By Adrienne Sylver
As a child, Melissa Venedicto dreamed of becoming an orthopedic surgeon, but as an undergraduate at FIU, she became so intrigued by the materials used in prosthetic devices that she pursued a major in biomedical engineering. It was in a biomaterials class that she found her true passion ― materials research.
At the time, Venedicto didn’t fully grasp the real-world applications of her calling. It wasn’t until lab experiences and an internship in FIU’s NASA CRE2DO program intertwined that she found there were endless career possibilities in the space sciences. Venedicto discovered the power of atomically-thin materials, or 2D materials ― versatile and applicable to both electronics and biomedicine, both fields of interest to her.
Today, Venedicto is a Ph.D. student in FIU’s College of Engineering and Computing. She hopes to pursue a career with NASA or in a related industry lab. As part of the NASA CRE2DO program, she loves speaking to youngsters about science and engineering. Community outreach and education are a recent addition to the program.
“Most kids think NASA is for astronauts,” Venedicto says. “It is, but it is so much more. I get the kids talking about moon rocks, materials that are so thin they are invisible to the eye and growing plants in space. They begin to understand that being an astronaut is more than living at the Space Station and that NASA offers a wide variety of career opportunities.”
Currently, for example, NASA has openings for scientists, engineers and information technology specialists, but also for business analysts, accountants, attorneys and psychologists.
Venedicto is the perfect example of how the NASA CRE2DO program is helping to fulfill one of NASA’s key missions ― that of seeing more minorities and underrepresented students enroll in STEM programs, says Daniela Radu, Ph.D., associate professor for the Department of Mechanical and Materials Engineering. She is also the NASA CRE2DO and National Science Foundation (NSF) Partnerships for Research and Education in Materials (PREM) Center director.
Radu and FIU have been recent recipients of some $8 million in grants to increase diversity and inclusion in cutting-edge research from NASA and the NSF. At FIU’s labs, studies are being done on space-resilient infrastructure materials, communication devices and small satellite technology.
“How are humans going to live in space? That’s the NASA directorate,” Radu says. “We are working on all of the elements to build an ecosystem on the Moon, and by bringing more women and minorities to the STEM stage we are building momentum in the efforts to ensure that underrepresented individuals are critical members of these work teams.”
FIU’s NASA CRE2DO program has been successful, Radu says, with 3 postdoctoral associates, 15 graduate students participating in research, and 22 undergraduate FIU students being guided by CRE2DO-affiliated members. Some 16 students have become interns at NASA, working everywhere from Kennedy Space Center to the Jet Propulsion Laboratory to the Langley Research Center and the Goddard Space Flight Center.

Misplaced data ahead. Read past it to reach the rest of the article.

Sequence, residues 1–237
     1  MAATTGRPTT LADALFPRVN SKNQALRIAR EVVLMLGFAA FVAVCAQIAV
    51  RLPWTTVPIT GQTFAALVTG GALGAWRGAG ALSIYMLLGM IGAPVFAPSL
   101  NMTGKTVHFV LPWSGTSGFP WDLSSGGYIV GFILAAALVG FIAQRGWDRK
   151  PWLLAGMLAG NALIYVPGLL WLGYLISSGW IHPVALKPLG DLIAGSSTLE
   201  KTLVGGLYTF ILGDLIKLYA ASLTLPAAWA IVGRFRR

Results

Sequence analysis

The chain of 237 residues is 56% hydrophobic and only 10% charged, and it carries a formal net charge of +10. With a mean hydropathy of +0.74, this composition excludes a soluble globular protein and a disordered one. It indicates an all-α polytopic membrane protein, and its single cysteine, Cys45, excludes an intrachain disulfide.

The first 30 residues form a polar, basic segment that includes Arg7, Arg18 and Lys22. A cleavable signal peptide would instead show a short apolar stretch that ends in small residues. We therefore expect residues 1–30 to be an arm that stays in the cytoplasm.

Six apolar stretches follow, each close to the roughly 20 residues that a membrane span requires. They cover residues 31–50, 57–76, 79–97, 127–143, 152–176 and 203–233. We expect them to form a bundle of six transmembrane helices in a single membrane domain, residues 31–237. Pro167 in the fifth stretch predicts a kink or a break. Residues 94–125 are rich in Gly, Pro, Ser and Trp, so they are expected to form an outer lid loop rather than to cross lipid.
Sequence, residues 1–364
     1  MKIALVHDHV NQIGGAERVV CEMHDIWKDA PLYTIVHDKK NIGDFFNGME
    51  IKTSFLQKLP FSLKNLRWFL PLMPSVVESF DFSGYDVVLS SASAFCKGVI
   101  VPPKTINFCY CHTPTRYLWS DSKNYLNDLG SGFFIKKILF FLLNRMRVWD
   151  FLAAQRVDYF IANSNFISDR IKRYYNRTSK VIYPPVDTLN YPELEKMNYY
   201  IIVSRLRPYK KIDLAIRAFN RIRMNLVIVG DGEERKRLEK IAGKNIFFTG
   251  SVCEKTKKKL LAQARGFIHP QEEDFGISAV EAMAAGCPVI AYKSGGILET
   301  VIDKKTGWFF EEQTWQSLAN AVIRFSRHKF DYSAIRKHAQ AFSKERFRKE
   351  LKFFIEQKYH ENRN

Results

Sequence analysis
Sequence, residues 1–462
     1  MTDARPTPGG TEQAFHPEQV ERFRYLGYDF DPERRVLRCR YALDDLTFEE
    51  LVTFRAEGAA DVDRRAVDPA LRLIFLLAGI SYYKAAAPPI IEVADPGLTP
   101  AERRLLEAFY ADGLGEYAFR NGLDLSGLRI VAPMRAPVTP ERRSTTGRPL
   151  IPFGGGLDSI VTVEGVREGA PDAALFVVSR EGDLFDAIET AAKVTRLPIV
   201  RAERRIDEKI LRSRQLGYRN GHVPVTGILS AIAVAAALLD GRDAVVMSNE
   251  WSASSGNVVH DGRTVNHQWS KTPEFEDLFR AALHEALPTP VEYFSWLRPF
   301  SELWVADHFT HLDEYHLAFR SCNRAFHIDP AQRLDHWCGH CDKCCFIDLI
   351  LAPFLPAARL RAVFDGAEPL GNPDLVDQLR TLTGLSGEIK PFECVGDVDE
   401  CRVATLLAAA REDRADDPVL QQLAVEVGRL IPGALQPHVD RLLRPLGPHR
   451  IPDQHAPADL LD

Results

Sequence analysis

“With lab experience and a NASA internship on their resumés, our students are quickly placed in jobs after they interview,” Radu says.
The growth of the program is exciting, says Eduimar Hinestroza, who works as its research coordinator for the Department of Mechanical & Materials Engineering. “Now we have expanded beyond our college students to do outreach with K-12 students, engaging them in activities from projects that deal with climate change to the Artemis Challenge,” she says. “It gives young students a much larger perspective of their world.”
With Artemis missions, NASA is reigniting interest in Moon exploration and inspiring the next generation of scientists. One of its goals is to land the first American woman and person of color on the Moon.
Through the NASA CRE2DO program, FIU has worked with high school students at TERRA Environmental Research Institute in Miami, as well as elementary and middle schoolers at Pinecrest Cove Preparatory Academy and AcadeMir Charter School West & East. Students throughout Miami-Dade County in the FIU Upward Bound Program through Student Access and Success are also given opportunities to participate in NASA CRE2DO activities.
For Venedicto, her time as an undergraduate research intern at the NASA CRE2DO Center at FIU helped her build upon what she was learning in the classroom, enhancing her laboratory, analytic and collaboration skills, as well as her knowledge of nanomaterials.
“You can be a NASA star without being an astronaut,” she says. “If it weren’t for the program, I wouldn’t have pursued a Ph.D., and I probably would have been a miserable medical student.”
Students or teachers who would like FIU to bring NASA content to their school or student organization, contact Hinestroza at email@example.com or visit https://nasa-cre2do.fiu.edu/.